Jody Sandhaus' first album, Winter Moon, held out hope for a bright future for this singer with the passionate delivery, and this current undertaking does nothing to dim this prospect. The first album had a play list decidedly leaning toward the melancholy. While there is still some of this here, the play list is peppered with bright tunes that highlight Sandhaus' fine sense of timing. You can hear this feel for the pace and for the beat on such cuts as "Too Close for Comfort" and "Please Be Kind." To her credit, Sandhaus is not reluctant to try out unfamiliar material. "I Think of You," which serves as both the kick-off and the album's coda, is a nod to Fred Rogers who has been showing kids, and their parents, around his neighborhood on TV for more than 30 years. One delivery problem is Sandhaus' predilection for broadening her A's, sounding like a native New Yorker who never left the city, as with "ache" in "I'll Never Be the Same." A little diction work would help. At the same time, this tune is decorated by some lovely lyrical bass by Michael Moore, the bass player of choice for many vocalists. But it's the romantic tunes that spotlight Sandhaus' ability to captivate the listener. She's pensive on "Spring Is Here," crestfallen on "You've Changed," ardently optimistic on "For Heaven's Sake," and tentatively seductive on "Close Your Eyes." The album is complimented with the presence of a distinguished set of accompanists. Besides Moore, husband Pete Malinverni is obviously sympathetic on piano and, as on her first album, veteran drummer Leroy Williams keeps the time, adding a well-timed rim shot or two along the way. A good second effort and recommended.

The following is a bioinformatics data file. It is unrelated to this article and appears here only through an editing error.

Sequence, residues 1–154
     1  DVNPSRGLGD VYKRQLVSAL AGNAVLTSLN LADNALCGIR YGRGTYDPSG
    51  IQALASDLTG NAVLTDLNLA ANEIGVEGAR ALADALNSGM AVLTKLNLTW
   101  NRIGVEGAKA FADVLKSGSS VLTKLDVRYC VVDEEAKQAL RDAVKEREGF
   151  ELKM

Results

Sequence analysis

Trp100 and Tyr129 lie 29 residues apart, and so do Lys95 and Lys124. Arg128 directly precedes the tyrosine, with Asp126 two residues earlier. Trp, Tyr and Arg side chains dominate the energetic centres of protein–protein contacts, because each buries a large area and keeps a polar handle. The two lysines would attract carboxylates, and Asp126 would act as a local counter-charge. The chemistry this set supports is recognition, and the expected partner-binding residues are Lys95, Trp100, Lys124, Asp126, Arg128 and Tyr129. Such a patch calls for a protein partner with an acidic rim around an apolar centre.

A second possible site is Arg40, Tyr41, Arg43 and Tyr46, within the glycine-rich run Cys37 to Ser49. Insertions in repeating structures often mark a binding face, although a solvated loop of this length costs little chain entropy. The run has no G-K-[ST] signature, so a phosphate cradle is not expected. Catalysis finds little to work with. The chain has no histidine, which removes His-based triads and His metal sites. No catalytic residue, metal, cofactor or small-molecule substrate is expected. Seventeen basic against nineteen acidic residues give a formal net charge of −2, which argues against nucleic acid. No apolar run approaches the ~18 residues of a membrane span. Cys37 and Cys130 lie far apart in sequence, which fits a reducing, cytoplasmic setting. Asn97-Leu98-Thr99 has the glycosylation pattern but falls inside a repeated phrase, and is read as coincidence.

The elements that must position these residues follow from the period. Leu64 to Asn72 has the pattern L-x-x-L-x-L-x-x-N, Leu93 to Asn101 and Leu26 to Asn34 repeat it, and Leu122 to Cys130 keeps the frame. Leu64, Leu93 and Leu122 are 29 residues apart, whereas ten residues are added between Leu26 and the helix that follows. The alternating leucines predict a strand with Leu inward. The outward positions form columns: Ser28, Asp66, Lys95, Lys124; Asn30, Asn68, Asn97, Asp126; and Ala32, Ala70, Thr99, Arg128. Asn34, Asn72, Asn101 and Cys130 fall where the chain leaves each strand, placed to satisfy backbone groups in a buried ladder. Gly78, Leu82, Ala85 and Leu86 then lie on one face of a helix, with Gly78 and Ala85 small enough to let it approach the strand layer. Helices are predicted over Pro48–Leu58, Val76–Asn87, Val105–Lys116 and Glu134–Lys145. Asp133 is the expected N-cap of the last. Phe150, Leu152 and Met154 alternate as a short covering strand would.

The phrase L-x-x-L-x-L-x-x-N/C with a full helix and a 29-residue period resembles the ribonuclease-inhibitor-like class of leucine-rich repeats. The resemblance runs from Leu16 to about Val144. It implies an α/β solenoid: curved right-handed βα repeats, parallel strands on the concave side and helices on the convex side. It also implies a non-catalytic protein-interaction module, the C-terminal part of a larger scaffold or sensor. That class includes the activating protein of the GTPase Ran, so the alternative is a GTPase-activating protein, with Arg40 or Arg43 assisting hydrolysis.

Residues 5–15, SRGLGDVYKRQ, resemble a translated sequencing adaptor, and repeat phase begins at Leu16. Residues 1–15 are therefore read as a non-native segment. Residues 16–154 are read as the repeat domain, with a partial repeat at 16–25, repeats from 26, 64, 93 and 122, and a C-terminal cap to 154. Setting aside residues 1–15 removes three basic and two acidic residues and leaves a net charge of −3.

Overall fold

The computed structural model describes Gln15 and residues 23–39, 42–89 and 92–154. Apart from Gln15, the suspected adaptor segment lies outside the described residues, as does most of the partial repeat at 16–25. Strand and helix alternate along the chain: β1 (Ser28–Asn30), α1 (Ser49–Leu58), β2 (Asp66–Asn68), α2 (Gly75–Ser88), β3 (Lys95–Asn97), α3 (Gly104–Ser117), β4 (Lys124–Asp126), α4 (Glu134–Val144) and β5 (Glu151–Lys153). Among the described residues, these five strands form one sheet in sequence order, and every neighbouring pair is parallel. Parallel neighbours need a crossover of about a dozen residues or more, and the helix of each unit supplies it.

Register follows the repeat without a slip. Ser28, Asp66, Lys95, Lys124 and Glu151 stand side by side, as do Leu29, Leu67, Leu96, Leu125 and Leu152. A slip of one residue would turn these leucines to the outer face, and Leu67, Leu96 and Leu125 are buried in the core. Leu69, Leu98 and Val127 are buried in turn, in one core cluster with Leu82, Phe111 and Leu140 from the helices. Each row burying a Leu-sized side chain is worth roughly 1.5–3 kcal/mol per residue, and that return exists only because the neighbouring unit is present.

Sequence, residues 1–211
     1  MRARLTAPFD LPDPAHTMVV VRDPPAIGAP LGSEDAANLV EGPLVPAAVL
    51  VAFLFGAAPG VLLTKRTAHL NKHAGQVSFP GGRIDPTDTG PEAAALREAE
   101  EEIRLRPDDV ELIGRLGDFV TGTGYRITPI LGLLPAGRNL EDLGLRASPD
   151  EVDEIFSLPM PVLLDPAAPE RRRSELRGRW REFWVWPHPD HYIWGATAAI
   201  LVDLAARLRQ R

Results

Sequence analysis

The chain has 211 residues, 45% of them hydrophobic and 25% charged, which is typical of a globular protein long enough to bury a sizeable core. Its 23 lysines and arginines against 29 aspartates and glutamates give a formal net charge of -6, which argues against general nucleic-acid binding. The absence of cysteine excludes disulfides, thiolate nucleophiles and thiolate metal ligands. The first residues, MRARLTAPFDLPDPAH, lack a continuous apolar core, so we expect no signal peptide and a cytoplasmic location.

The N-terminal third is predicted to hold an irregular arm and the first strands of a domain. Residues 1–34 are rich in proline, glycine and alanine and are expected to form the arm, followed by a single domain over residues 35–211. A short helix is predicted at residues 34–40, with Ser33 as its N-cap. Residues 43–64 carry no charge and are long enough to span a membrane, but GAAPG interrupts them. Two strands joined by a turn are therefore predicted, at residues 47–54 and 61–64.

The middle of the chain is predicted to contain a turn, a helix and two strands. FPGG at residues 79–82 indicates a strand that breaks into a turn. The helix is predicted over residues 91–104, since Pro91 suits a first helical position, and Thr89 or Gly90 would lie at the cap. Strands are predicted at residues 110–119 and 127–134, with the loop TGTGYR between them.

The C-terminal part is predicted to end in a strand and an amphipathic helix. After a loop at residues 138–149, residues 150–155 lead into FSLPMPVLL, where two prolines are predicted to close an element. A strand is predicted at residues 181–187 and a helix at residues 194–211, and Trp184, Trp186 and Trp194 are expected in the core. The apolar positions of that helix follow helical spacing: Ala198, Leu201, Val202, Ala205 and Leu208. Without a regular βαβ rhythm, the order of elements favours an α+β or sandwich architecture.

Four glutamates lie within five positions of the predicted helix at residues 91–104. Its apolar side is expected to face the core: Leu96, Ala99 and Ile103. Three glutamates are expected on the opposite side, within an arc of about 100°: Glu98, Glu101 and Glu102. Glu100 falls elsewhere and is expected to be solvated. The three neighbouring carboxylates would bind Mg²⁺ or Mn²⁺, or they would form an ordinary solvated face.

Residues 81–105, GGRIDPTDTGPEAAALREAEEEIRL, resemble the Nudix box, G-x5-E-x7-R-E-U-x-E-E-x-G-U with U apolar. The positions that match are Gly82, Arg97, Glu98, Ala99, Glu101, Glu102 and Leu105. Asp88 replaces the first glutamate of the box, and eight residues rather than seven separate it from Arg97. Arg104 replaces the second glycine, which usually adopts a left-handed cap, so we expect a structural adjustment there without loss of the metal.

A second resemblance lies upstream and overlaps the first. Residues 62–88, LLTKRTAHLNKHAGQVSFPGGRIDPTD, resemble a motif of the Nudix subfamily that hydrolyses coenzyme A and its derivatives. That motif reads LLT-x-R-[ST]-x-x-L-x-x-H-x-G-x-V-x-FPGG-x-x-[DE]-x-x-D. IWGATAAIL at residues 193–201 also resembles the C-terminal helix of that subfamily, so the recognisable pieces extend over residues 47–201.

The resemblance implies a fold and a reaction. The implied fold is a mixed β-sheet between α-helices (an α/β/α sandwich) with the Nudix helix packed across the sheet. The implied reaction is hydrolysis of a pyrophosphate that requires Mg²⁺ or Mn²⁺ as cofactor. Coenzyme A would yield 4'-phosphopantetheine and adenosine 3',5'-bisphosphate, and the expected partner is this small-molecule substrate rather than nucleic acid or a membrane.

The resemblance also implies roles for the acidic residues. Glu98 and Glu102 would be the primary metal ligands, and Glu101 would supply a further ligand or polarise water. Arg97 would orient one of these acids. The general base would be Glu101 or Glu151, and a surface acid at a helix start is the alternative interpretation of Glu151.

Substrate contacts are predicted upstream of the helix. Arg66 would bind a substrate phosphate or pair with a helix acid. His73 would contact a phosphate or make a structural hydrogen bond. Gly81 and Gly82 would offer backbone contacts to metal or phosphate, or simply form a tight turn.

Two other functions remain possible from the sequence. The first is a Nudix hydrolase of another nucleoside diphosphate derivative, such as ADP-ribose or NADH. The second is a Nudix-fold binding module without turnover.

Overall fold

AllMusic Review by Dave Nathan